28 Aug IRS Issues Second Notice to Assist in Developing Cadillac Tax Regulations
Originally posted by Danielle Capilla on August 27, 2015 on ubabenefits.com.
The IRS has issued its second notice regarding the upcoming implementation of the Patient Protection and Affordable Care Act’s (ACA) excise tax on high cost employer-sponsored health coverage, also known as the “Cadillac tax.” Beginning in 2018, plans that provide coverage that exceeds a threshold will owe the tax. The threshold generally will be $10,200 for single benefits and $27,500 for benefits provided to an employee, retiree or member of a bargaining unit, and dependents. The tax is 40 percent of the value of coverage provided over that threshold level.
The IRS has begun the process of writing regulations that will provide details on how this tax will operate. On February 23, 2015, the IRS issued Notice 2015-16, which provides some information on the types of benefits that will count toward the tax.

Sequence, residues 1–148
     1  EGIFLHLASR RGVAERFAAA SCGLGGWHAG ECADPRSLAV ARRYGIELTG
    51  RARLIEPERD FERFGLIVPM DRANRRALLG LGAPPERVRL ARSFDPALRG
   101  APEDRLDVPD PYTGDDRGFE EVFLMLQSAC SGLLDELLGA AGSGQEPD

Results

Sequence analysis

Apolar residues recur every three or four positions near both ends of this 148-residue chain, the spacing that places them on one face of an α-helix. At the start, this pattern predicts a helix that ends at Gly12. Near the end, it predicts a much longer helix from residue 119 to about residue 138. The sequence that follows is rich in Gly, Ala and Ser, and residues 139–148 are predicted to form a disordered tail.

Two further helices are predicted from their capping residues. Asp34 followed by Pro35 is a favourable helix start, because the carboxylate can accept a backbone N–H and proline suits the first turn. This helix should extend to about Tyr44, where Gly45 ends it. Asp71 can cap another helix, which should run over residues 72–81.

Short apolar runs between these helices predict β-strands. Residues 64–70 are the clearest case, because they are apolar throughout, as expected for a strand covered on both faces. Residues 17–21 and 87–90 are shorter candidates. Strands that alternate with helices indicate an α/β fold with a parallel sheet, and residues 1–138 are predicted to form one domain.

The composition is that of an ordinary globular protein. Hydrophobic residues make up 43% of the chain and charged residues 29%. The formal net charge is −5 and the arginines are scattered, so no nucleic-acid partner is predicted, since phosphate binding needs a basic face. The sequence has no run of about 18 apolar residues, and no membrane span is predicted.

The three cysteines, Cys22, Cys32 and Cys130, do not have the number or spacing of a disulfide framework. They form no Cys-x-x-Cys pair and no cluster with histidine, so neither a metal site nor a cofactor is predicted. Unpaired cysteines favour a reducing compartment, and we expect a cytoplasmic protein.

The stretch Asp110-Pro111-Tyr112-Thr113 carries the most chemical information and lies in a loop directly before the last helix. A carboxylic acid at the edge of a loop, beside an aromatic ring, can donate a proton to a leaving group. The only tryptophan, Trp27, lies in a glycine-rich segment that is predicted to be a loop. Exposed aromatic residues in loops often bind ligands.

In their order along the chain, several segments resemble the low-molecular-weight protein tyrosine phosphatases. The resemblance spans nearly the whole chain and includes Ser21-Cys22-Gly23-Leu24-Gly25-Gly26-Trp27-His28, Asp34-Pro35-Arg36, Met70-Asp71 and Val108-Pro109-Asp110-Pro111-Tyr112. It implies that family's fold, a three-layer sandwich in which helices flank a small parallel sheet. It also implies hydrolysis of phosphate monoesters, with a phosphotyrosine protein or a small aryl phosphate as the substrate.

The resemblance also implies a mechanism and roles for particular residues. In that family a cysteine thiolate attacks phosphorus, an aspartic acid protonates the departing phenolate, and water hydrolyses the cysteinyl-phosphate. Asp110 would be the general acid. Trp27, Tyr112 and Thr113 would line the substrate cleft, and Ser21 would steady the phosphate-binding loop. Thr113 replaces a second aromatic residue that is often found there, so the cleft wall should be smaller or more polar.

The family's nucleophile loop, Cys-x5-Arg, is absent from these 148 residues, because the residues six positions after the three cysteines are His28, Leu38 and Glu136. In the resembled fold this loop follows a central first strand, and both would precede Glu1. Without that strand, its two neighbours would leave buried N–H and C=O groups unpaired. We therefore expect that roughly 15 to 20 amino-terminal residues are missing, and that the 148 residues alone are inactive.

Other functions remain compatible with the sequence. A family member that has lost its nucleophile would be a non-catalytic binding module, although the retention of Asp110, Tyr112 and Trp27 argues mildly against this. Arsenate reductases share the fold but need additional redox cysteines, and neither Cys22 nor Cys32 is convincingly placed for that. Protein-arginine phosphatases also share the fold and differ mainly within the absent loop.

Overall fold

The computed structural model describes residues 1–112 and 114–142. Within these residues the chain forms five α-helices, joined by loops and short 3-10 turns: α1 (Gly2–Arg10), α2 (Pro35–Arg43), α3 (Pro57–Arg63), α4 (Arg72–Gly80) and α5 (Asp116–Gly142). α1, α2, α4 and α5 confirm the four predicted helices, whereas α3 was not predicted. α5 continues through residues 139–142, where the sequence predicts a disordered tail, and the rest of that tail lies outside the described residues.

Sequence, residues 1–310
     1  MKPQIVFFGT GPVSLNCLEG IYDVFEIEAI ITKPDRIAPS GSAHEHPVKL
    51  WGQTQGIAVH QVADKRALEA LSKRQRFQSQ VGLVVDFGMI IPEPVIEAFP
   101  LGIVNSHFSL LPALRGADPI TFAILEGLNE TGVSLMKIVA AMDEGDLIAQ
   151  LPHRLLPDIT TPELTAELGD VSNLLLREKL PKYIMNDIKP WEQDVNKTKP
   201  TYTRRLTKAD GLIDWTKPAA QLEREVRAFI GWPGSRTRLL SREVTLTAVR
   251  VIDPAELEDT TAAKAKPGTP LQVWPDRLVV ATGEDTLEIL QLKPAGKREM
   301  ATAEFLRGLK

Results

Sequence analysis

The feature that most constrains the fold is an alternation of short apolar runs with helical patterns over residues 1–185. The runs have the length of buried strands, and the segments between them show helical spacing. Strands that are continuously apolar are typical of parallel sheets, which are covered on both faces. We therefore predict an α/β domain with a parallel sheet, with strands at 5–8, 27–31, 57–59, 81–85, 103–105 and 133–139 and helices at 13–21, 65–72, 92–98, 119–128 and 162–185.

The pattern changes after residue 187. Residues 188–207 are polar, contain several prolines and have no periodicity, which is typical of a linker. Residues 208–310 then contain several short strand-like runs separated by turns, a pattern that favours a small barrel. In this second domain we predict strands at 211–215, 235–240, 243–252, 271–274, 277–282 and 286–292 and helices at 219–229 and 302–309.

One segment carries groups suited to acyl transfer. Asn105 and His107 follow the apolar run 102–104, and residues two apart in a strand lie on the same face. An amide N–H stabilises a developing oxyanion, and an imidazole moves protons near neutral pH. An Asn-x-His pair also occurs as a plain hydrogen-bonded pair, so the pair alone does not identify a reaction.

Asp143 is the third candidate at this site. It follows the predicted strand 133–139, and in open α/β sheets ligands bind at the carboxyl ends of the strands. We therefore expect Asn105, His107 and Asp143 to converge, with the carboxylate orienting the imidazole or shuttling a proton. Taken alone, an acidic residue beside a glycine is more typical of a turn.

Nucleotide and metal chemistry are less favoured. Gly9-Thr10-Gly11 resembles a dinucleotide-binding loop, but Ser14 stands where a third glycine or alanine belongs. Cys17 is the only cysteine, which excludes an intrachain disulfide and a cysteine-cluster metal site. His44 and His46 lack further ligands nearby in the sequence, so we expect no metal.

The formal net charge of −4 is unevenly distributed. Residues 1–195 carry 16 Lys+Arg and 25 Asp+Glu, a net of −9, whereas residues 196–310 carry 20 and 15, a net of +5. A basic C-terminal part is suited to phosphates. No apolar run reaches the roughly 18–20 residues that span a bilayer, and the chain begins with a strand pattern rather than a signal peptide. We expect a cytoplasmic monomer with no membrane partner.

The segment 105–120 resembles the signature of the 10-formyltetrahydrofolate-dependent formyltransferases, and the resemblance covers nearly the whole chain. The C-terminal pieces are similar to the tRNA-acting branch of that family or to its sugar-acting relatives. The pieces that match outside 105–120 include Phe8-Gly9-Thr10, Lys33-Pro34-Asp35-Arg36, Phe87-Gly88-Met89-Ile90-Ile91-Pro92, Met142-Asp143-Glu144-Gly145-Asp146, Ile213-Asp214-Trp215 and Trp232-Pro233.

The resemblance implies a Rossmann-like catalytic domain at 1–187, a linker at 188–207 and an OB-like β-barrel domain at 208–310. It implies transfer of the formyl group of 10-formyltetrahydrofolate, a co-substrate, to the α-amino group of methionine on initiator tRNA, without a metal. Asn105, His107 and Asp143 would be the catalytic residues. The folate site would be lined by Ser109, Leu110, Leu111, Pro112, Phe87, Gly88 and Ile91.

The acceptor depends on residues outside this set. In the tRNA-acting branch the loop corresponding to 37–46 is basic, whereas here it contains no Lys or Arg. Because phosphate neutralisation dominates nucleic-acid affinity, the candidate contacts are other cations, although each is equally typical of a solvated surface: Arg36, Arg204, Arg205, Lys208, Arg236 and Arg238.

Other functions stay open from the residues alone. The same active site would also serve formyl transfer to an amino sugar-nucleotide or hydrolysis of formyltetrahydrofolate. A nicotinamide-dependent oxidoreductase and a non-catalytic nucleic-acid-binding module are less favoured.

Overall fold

On July 30, 2015, the agency released Notice 2015-52, which addresses IRS thoughts on: (1) the definitions of applicable coverage; (2) the determination of the cost of applicable coverage; and (3) the application of the dollar limit on the cost of applicable coverage to determine any excess benefit subject to the excise tax. The IRS is seeking public comment on all of these issues.
The public comments on the two Notices will be the final steps the agency takes prior to drafting and releasing the proposed regulations. There is currently no target date set for those regulations.
UBA’s free resource, “IRS Issues Second Notice to Assist in Developing Cadillac Tax Regulations” details the issues on which the IRS is seeking public comment, including:
- Who is liable
- Controlled groups
- Tax calculation
- Exclusion amounts attributable to the excise tax
- HSAs, Archer MSAs, FSAs, and HRAs
- Cost of coverage under FSAs with employer flex credits
- Inclusions of self-insured coverage includible in income
- Age and gender adjustments
- Notice requirements
- Payment forms